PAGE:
This highly interactive workshop will discuss two programs in the U.S. that focus on increasing diversity in graduate education on two levels—nationally and locally. Nationally, the Public Policy and International Affairs (PPIA) Program promotes inclusion and full participation of underrepresented groups in public service and advances their leadership roles throughout civic institutions serving domestic and international affairs. Through PPIA's Junior Summer Institutes, students engage in rigorous preparation for graduate school in public policy and international affairs hosted by top graduate school programs nationally. The PPIA Graduate School Consortium, comprised of 40 to 50 institutions and professional associations, ensures that future public service leaders reflect our increasingly diverse population to address the societal challenges of our time. Locally, the Community of Scholars Program (COSP) at the University of Minnesota, was recognized by the National Association of Graduate Admissions Professionals for innovative practices in supporting graduate students of color, across disciplines, by building strong networks that promote timely degree completion. COSP initiatives include high-impact mentoring programs utilizing the Individual Development Plan (IDP)—a structured communication tool for student mentees to pursue academic and professional goals with guidance from faculty and staff who serve as mentors. Through small and large group discussions, workshop participants will (1) discuss successes and challenges with current diversity initiatives at their academic institutions, (2) create their own IDP to identify goals to diversify their institutions, and (3) explore strategies to implement goals using a list of effective resources provided by workshop facilitators.
Dr. Noro Andriamanalina is Director of Academic and Professional Development for the Graduate School Diversity Office at the University of Minnesota, Twin Cities, USA. Dr. Andriamanalina directs several programs to assist Master's and doctoral students, across disciplines, through various stages of their graduate programs. Initiatives focus on developing supportive relationships with advisors and mentors; building a sense of community through academic seminars and professional development workshops; and connecting students to teaching, research and community engagement opportunities. Dr. Andriamanalina also conducts research on writing experiences and career paths of doctoral students of color. She has 20 years of administrative and teaching experiences in higher education. Dr. Andriamanalina holds a doctorate of philosophy in educational policy and administration, with emphasis on comparative and international development education, from the University of Minnesota, Twin Cities.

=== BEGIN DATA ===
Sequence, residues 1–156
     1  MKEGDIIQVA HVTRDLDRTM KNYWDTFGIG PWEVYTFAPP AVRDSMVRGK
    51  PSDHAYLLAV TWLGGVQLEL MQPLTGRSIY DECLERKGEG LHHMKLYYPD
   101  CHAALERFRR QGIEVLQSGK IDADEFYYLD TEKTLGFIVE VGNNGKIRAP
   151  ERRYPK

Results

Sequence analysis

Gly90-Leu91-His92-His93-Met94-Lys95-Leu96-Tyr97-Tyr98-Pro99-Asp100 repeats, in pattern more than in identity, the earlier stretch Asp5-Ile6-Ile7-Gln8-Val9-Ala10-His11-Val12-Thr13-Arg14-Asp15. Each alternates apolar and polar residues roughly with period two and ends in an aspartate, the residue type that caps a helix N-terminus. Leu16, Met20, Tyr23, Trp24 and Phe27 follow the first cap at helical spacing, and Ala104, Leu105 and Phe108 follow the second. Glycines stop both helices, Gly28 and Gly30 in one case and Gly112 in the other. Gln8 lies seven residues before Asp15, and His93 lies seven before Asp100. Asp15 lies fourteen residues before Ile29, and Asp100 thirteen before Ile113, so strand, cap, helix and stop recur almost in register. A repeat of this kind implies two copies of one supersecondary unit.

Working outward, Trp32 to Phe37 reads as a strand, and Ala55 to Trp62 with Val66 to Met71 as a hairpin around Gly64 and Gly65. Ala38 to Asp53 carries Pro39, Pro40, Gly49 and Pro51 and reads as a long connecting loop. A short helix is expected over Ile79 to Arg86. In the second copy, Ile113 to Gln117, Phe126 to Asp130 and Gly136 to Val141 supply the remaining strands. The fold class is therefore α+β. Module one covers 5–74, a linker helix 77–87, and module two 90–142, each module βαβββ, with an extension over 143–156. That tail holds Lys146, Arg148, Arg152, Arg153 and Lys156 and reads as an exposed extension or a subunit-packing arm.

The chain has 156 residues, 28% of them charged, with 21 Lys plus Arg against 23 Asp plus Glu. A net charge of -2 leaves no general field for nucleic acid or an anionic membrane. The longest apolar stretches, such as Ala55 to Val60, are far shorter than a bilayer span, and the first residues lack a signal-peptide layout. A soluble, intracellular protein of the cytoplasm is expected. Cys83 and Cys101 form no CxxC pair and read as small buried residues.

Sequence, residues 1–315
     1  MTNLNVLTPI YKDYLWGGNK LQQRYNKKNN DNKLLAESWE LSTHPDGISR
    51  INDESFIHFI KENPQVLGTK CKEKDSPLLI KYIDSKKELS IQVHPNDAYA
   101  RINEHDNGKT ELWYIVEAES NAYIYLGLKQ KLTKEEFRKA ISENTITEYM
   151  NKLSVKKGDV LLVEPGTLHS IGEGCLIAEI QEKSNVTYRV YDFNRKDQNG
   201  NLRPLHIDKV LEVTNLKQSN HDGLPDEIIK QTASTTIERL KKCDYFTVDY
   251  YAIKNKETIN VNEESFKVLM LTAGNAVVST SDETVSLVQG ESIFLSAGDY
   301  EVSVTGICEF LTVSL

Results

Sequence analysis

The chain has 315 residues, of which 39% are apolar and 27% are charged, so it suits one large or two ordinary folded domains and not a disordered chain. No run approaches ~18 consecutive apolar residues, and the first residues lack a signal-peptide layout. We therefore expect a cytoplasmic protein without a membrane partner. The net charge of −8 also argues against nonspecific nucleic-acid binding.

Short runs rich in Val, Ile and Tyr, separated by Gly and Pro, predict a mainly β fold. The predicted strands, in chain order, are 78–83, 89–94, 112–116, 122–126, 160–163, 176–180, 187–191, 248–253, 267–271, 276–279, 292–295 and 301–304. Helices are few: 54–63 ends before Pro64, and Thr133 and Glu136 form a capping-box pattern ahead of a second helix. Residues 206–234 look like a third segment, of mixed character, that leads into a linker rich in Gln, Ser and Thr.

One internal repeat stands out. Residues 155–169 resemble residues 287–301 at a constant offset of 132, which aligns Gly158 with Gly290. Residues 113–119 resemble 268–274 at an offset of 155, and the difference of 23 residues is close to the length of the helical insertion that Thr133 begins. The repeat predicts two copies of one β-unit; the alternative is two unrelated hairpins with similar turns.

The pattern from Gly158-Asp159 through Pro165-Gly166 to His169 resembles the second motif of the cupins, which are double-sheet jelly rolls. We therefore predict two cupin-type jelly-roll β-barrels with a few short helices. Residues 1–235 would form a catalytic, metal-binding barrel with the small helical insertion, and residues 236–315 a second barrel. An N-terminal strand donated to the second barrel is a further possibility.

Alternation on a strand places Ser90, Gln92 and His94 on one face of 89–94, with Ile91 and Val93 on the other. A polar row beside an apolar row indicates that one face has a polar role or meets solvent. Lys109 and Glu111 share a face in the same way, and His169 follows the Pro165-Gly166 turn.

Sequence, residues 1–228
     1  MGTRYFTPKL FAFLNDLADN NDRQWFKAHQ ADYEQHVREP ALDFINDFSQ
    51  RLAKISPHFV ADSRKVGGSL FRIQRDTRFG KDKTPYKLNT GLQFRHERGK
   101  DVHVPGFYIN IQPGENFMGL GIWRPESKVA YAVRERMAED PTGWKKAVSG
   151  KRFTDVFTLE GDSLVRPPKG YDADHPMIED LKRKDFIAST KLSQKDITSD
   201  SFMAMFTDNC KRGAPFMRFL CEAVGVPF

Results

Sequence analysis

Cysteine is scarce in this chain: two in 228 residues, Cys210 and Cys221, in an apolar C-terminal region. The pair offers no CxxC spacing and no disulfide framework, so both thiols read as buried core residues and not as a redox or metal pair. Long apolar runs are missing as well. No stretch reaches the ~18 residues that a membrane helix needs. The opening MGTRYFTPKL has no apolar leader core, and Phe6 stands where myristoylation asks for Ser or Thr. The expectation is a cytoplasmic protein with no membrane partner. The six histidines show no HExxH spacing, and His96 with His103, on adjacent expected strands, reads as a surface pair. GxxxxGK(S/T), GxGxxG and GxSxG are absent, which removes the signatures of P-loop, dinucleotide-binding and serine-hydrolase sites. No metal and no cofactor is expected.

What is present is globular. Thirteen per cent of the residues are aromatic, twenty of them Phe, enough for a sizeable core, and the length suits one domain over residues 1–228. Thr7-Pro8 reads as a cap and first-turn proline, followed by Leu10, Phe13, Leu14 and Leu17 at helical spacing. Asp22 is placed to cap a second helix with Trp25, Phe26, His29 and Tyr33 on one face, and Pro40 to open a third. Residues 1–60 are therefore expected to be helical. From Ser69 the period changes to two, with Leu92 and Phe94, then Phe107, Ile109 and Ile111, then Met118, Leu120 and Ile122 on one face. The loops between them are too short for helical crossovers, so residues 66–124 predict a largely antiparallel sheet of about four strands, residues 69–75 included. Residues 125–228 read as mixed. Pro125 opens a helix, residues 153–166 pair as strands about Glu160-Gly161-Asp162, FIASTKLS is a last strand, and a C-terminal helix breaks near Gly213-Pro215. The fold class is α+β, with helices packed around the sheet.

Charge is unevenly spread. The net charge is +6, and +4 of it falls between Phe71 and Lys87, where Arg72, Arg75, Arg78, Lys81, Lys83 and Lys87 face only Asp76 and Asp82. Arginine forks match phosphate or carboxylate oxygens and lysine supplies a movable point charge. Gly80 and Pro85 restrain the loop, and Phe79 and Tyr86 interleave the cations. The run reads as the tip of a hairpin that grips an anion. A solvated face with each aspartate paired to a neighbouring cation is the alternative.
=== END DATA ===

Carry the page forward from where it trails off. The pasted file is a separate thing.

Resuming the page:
Simone Gbolo is the executive director of the Public Policy & International Affairs Program (PPIA) a national non-profit organization housed at the University of Minnesota Humphrey School of Public Affairs. Also, an adjunct instructor at the University of Minnesota’s Leadership Minor program. She is currently pursuing her Doctor of Philosophy in the department of organizational leadership, policy, and development in Higher Education at the University of Minnesota College of Education and Human Development. Her research focuses on historically underrepresented and marginalized student’s career pathways, persistence towards advance education, and the impact on the institutional change in higher education due to diversity, inclusion and equity initiatives. She is a first-generation Liberian, African American who resides in St. Paul, MN that holds a B.S. in Political Science, Public Health, and Educational Psychology, an M.A. in Multicultural Teaching and Learning, and an M.Ed. in Youth Development Leadership.